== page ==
On the way home, there’s a firestorm, and everyone but Dragon and Elspeth are killed (I’m not sure who’s with who at this point—but I do know Jik dies, and maybe the dog too).  Elspeth convinces Dragon and Daffyd (I tell you, he pops up at the most opportune times) to go warn Obernewtyn about Ariel without her.  She is badly injured, but some magical birds take her to a magical place and magically heal her.  As well as tell her the same story Maruman (remember the cat friend?) always yammers on about…she has to save the world from the second holocaust, she is the chosen one, yadda yadda.  Then they send her back to a mountain in the middle of nowhere which is where Gahltha is waiting for her.  The magic birds have been chatting with him as well, and now he’s all nice and penitent, and hell-bent on protecting Elspeth from everything.

The end is pretty anticlimactic, with the return to Obernewtyn, in ruins, surrounded by soldierguards.  But wait!  It’s just an illllusssion (say in Gob Bluth’s voice) masterminded by Dragon.  They get rid of the soldierguards pretty easily, Elspeth and Rushton make awkward, sexually charged glances at one another, the end.

This book has some really great parts, and except for a few chapters that drag (like her magical bird encounter), it kept me pretty invested.  There are a lot of characters, and everyone has weird names so it is difficult for me and my tiny brain to keep track of them all.  It doesn’t help that several minor characters have very similar names.  I like all the parts with horses (predictably), but I’m not a fan of Maruman and his weird drug-induced  hallucinations.  Also, I predict that I’m going to get tired of Elspeth’s repetitive ‘Who me?  The Seeker, hero of the animals, rescuer of the world? I don’t believe it!  All of these animals must be on drugs!’  act that I can tell is going to be a recurring thing until she finally makes peace with her ‘destiny.’  Get with the program Elspeth.  Can’t you hear the omniprescent narrator voice in your head?  Who’s the main character here?  Obvi you’re going to need to save the world so please pull yourself together.  Also, put Rushton out of his misery and make out with him a little, at least.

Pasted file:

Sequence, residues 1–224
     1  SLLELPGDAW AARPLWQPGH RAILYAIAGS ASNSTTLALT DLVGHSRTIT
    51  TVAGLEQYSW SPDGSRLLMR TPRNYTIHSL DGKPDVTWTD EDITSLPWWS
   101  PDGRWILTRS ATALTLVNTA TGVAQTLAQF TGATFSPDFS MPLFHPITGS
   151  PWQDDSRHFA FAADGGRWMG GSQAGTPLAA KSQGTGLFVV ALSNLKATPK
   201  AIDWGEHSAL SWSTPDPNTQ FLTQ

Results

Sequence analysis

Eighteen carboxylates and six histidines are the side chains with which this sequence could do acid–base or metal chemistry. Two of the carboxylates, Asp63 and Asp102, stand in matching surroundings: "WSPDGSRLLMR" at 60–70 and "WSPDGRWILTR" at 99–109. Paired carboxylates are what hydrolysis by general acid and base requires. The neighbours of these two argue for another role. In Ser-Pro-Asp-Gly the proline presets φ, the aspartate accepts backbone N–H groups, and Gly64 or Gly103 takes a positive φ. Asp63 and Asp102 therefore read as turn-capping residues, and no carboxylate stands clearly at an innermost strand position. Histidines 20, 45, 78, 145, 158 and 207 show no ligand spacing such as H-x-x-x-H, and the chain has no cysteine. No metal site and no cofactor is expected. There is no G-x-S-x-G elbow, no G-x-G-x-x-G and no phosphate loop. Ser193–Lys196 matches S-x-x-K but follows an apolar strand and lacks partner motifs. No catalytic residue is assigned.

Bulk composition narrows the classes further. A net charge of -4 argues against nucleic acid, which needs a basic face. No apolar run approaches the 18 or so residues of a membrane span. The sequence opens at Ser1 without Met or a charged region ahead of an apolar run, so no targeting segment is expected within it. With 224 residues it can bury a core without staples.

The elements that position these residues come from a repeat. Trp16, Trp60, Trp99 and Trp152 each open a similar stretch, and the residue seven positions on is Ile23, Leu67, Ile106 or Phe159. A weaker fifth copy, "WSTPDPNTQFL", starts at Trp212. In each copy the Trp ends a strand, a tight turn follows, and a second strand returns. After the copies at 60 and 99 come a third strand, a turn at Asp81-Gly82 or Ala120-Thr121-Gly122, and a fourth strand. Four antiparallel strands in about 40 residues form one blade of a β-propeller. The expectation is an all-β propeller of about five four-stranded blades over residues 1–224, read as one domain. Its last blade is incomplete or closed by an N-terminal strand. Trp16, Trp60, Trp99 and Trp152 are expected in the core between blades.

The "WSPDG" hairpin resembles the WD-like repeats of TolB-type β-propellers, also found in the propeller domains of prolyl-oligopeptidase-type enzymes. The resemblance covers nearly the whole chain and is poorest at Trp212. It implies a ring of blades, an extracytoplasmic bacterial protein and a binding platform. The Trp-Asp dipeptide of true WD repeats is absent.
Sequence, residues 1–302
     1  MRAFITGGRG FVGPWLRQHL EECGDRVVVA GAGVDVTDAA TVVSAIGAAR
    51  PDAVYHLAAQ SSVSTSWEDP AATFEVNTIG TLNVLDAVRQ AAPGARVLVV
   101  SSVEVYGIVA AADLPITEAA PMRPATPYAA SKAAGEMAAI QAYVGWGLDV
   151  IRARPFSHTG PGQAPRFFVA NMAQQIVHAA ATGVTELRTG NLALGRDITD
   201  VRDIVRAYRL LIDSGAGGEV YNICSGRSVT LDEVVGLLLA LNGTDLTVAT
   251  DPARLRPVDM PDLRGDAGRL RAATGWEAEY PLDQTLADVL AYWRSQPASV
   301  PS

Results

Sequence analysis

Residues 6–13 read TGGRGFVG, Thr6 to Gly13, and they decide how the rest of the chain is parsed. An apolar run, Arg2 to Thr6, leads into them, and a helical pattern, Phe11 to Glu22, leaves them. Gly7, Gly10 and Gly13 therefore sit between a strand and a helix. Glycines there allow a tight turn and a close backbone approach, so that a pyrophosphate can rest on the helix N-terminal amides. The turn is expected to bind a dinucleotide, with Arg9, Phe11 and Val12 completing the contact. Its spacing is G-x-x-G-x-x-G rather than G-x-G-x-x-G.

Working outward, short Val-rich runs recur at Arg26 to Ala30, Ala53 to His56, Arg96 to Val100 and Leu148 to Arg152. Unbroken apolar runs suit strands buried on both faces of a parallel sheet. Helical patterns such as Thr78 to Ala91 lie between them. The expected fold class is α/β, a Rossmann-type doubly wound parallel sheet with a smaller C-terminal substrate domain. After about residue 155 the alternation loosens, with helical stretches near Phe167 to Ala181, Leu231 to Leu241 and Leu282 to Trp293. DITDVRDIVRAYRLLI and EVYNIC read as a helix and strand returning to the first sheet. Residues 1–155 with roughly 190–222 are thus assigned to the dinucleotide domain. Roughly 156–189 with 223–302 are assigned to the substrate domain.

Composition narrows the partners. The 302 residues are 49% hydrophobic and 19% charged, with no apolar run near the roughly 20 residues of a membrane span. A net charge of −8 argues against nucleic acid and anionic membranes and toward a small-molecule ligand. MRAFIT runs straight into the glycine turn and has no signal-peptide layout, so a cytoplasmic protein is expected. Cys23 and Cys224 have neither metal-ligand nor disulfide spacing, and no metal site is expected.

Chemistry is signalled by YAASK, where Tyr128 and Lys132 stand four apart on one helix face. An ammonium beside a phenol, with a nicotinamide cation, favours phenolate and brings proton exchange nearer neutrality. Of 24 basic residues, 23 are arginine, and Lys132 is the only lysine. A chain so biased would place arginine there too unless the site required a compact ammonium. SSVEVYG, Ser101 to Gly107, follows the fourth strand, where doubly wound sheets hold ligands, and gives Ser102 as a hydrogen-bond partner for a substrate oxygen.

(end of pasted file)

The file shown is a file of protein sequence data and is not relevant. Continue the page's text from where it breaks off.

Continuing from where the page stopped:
Obernewtyn Begins


When I was living in Australia I really wanted to read some authentic-type Aussie YA and report back.  Which I did–but it just took me like six months to get around to posting it.  SORRY.

The Obernewtyn Chronicles have pretty much all you need in post-apocolyptic fantasy fiction—talking animals, psychic mind powers, evil overlords, etc. etc.

I’m going to give you a pretty comprehensive run-down, because the books just get more and more complicated, and you’re going to need this later. For the test.

Major spoilers ahead:

So, after the Great White, a radiation-laced explosion that decimated and poisoned all of the cities and most of the land, people moved out to the most rural areas seeking untainted water and food.   The farmers that lived there set up a Council to control the newcomers and impose rules and regulations on their behavior.  Any person or animal suffering from radiation mutations is ritualistically burned by the Herder Faction—the ‘priests’ of the community.  Gradually, it became noticeable that some mutations weren’t physical but mental, and everyone lives in fear that they will be labeled a Misfit.

Elspeth (hint—main character) and her brother Jes are orphans—their parents burned as Seditioners by the Herders.  While Jes has garnered favor with the Herders and community leaders, Elspeth lives in fear of being exposed as a Misfit.  Besides being able to read and change people’s minds, Elspeth can talk to animals, most notably the wild cat that follows her, Maruman.  Maruman is prone to wandering around in the poisoned mountains, so Elspeth doesn’t take him to seriously when he raves about her destiny. Continue reading

Atlanta: That Magical Place

I usually prefer to write scathing reviews.  If given the choice, I probably would rather review a book I hated than a book I loved.  There’s just so much more to say.